Some patients who have bariatric surgery develop nutritional deficiencies such as anemia, osteoporosis and metabolic bone disease. Fortunately, these deficiencies can usually be avoided with sufficient vitamin and mineral intake. Women of childbearing age who have had bariatric surgery should avoid pregnancy until their weight stabilizes because rapid weight loss or nutritional deficiencies could be harmful to a developing fetus. Patients are always encouraged to ask questions about the potential risks of surgery.

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What is a laparoscopy?

In laparoscopy, the surgeon makes one or more small incisions through which slender surgical instruments are passed. This technique eliminates the need for a large incision and creates less tissue damage. It is usually less painful and allows for a more rapid recovery.

In addition, laparoscopic surgery employs a high definition camera, that allows a surgeon to see significantly better than with a naked eye, making surgery even more precise. Dr. Gritsus performs all of his bariatric surgeries utilizing this technique.

What are the surgical options today?

Dr. Gritsus performs three weight loss procedures: Gastric Bypass, Gastric Sleeve and Adjustable Gastric Band (Lap Band) surgeries. All procedures Dr. Gritsus performs are cleared by the FDA and are covered by insurance (provided that you qualify, and coverage is available).

Gastric Bypass

Gastric Bypass, is the most common and the most successful form of bariatric surgery. It is also one of the oldest. A small stomach pouch is created to restrict food intake. Then a Y-shaped section of the small intestine is attached to the pouch to allow food to bypass the lower stomach, the duodenum (the first segment of the small intestine) and the first part of the jejunum (the second segment of the small intestine). The bypass reduces the quantity of calories and nutrients the body will absorb.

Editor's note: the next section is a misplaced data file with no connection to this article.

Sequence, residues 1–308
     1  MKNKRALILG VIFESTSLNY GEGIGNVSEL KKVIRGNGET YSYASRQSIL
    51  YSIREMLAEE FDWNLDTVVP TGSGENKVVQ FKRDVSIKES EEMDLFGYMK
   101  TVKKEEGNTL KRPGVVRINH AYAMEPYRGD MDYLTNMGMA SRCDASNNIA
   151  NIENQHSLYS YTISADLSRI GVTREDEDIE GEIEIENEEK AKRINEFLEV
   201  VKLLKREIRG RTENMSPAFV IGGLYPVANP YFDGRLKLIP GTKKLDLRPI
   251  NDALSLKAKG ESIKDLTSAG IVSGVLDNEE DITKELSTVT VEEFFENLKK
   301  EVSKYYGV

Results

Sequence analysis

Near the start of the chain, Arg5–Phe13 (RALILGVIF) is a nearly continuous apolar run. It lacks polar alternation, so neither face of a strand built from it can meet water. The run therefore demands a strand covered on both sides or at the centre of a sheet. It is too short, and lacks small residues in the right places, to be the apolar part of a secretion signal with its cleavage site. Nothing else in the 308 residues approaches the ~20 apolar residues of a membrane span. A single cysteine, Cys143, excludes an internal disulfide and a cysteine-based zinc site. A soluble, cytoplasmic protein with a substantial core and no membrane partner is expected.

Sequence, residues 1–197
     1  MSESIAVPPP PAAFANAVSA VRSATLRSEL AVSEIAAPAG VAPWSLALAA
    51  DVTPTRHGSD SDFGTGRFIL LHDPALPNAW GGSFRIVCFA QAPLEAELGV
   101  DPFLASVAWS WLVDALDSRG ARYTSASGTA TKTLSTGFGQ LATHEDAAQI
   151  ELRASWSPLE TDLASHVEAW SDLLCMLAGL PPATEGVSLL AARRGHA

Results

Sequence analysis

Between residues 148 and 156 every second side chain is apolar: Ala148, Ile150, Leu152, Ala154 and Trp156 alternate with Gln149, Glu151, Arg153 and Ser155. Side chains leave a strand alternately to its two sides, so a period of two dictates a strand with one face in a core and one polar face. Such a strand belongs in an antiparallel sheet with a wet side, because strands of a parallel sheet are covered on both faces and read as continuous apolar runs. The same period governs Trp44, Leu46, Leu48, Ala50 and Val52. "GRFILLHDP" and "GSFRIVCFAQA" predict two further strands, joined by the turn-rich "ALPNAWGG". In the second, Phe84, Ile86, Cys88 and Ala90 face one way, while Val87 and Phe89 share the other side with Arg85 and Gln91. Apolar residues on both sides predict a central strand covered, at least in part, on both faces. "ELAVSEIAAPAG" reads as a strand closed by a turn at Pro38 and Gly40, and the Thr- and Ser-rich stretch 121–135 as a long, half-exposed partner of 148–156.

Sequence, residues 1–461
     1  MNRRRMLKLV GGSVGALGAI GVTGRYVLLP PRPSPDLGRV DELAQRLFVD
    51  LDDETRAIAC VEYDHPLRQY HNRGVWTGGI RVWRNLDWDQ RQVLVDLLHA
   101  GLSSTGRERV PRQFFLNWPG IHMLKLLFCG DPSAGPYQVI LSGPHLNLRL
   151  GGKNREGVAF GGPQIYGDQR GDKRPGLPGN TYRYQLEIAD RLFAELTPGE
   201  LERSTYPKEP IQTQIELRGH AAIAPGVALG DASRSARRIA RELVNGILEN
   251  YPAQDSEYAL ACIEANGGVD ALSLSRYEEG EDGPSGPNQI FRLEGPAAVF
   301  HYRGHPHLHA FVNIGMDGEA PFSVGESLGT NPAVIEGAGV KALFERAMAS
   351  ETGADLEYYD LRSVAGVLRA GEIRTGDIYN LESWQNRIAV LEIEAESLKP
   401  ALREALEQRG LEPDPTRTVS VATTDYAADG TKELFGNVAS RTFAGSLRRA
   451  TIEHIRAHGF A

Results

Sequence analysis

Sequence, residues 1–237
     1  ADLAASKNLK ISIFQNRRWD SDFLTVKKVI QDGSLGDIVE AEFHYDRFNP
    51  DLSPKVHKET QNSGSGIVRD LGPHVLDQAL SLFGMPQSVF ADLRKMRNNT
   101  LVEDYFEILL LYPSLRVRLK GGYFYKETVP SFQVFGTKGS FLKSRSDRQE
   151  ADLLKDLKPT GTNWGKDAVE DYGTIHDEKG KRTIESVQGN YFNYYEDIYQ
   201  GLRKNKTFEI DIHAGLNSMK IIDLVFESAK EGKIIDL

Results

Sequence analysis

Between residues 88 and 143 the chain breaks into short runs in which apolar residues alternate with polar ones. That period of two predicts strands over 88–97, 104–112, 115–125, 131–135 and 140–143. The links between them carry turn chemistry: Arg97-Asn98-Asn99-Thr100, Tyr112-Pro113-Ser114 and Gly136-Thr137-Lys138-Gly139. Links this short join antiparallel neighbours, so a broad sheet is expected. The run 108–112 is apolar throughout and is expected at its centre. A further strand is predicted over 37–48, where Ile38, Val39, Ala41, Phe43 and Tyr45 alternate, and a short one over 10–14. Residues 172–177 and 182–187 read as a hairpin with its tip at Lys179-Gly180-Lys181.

A Gastric Bypass operation can produce greater weight loss than purely restrictive operations such as Gastric Sleeve or Adjustable Gastric Band (Lap Band), and is considered more effective in reversing the serious health problems associated with severe obesity such as diabetes.

However, Gastric Bypass surgery also carries a greater risk for nutritional deficiencies because food bypasses the duodenum and jejunum where most of the iron and calcium are absorbed. Menstruating women may develop anemia because not enough vitamin B-12 and iron are absorbed. Decreased absorption of calcium may also contribute to osteoporosis and metabolic bone disease. Patients are thus required to take nutritional supplements, which will usually prevent these deficiencies. Patients who had Gastric bypass surgery must also take the fat-soluble vitamins A, D, E and K in supplement form. Gastric Bypass surgery may also lead to a condition called "dumping syndrome," in which the stomach contents move too rapidly through the small intestine. Symptoms include nausea, weakness, sweating and faintness, and in some cases, diarrhea after eating.

Adjustable Gastric Band (Lap Band)

Adjustable gastric banding is a procedure during which a hollow band made of specialized material is placed around the stomach near its upper end, creating a small pouch and a narrow passage into the remainder of the stomach. The band is then gradually inflated with a saline solution. It can be tightened or loosened over time to change the size of the passage by increasing or decreasing the amount of solution.